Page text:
Bottle capper: The bottle capping machine used for a distilled spirit packaging line will depend on the type of closure being used on the bottles. Like many other products they can be both automatic and semi-automatic. Screw caps are sealed with a spindle capper or a chuck capping machine. Pilfer proof caps are applied with a ROPP capping machines, used specifically for roll on pilfer proof lids. You may also choose to incorporate neck bands or tamper evident sealing, both of which will require specific machinery.
Bottle labeler: The type of labeler you choose will depend on a number of factors. Bottle labels come also come in manual, semi-automatic, and automatic. Labels may be glue applied, shrink wrapped, or pressure sensitive. While often more economical, if your bottles will be cold or wet when labeled, pressure sensitive labels may be difficult to apply. The size and shape of your bottle may also dictate the type of labeler you purchase. For example, some semi-automatic machines can only apply labels to oval or round bottles. If you plan to label several types of bottles or label materials, you’ll want a machine that can easily convert to handle each of these jobs. To learn more about bottle labeling, check out our how-to guide here.
Case packer: Purchasing a case packer can protect your products, increase efficiency in distribution preparation, prevent injuries, and reduce labor costs. Choosing the right case packer will depend largely on the scale of your operation and the specifics of your products. Case packers can be semi-automatic or fully automated systems. Beyond the basics of budget, machine type, and speed, typical factors that can also play a part in your decision may be specific needs such as delivery time, changeover time between sizes, parts availability, and service capabilities.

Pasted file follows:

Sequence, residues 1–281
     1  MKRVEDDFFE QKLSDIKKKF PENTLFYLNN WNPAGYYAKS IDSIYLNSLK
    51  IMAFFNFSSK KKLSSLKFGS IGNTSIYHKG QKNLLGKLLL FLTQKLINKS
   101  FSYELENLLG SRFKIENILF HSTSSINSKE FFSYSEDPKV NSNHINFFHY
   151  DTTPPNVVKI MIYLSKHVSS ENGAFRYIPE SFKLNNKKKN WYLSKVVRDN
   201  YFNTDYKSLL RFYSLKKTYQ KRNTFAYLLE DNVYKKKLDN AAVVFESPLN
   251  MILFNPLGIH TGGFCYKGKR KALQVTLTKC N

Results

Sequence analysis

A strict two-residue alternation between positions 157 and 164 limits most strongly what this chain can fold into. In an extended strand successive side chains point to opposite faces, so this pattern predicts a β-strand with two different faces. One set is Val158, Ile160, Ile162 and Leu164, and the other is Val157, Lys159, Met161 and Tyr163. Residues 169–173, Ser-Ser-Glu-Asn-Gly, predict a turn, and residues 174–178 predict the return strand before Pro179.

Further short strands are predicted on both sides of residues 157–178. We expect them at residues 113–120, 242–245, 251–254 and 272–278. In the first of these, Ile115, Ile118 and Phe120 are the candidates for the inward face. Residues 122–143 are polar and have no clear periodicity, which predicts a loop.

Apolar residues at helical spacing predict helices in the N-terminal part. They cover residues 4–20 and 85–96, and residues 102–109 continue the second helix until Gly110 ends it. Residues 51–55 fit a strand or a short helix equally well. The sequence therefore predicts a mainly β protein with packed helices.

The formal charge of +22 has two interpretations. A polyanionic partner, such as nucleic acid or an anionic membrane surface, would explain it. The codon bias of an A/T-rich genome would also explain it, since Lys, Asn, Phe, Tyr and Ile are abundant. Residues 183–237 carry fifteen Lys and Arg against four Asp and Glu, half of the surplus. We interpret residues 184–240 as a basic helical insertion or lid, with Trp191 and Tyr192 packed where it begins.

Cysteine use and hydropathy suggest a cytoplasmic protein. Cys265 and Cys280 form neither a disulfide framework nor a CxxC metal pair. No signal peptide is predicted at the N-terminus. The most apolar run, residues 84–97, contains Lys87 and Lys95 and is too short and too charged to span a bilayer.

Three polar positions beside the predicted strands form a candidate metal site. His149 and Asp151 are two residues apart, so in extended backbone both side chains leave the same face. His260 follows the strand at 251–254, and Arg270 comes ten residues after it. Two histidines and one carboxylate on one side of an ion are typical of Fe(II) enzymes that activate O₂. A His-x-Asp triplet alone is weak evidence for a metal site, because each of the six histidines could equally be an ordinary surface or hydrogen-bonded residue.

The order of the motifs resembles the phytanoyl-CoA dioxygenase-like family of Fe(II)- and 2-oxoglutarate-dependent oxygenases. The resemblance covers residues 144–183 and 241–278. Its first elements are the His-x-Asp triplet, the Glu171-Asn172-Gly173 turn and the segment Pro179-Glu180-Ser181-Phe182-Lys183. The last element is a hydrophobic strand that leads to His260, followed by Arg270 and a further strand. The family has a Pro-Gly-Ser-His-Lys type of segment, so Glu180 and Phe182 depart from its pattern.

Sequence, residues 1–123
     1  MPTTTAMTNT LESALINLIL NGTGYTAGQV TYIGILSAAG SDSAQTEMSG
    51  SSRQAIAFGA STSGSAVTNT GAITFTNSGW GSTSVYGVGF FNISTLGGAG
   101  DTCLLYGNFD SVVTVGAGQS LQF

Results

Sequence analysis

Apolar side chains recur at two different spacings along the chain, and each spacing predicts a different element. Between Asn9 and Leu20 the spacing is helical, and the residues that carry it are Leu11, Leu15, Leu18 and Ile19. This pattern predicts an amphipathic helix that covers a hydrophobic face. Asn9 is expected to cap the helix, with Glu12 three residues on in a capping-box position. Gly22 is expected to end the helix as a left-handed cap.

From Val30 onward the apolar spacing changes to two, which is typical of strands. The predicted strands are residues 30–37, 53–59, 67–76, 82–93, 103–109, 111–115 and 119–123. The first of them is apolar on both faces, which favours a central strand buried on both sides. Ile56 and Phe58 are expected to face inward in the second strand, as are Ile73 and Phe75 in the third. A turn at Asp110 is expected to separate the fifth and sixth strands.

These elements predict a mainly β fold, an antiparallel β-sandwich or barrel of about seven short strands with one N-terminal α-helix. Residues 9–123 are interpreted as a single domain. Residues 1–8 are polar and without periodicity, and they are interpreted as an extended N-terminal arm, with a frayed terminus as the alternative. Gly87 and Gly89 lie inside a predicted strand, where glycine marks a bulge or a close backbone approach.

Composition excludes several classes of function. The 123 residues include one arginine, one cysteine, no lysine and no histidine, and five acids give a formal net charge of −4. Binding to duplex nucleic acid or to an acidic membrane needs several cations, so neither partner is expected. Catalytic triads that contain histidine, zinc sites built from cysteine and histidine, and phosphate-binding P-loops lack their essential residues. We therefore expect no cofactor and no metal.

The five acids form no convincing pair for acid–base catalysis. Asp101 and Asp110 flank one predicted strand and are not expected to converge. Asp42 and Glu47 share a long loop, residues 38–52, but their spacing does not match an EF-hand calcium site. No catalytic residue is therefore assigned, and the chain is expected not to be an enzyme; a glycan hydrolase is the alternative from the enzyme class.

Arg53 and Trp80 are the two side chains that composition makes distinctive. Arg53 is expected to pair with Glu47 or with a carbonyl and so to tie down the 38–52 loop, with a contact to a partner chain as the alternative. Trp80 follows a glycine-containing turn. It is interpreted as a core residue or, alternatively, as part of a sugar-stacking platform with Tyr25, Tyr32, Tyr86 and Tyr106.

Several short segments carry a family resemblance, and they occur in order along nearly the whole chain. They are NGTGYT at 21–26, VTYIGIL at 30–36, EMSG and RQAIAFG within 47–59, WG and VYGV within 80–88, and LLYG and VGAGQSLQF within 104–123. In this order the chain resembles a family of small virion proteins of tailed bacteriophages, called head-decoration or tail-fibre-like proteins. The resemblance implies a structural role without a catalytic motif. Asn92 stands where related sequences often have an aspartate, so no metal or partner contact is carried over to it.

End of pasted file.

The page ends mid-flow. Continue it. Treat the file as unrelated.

Palletizer: A palletizer provides an automatic means for stacking your product onto a pallet. There are two major types of palletizers, conventional and robotic. Robotic palletizers typically take up less space, can adapt more easily to changing pallet patterns and product types, and can handle a wide variety of products and cases. Palletizing rates can vary anywhere from 8 to 30 cases per minute for a single robot depending on the specifics of your set up.
A conventional palletizer can be broken down into low-level and high-level palletizers. A low-level palletizer starts with products being conveyed and rotated as required by the pallet pattern. The cases then hit an end stop and back up against one another to form a row. A high-level palletizer operates in a similar manner to a low-level palletizer, except instead of raising and lowering full layers of cases and depositing them onto a pallet, the case layers remain stationary and the pallet is raised and lowered as required. High-level palletizers also allow products to be formed into layers at much higher speeds than low-level palletizers.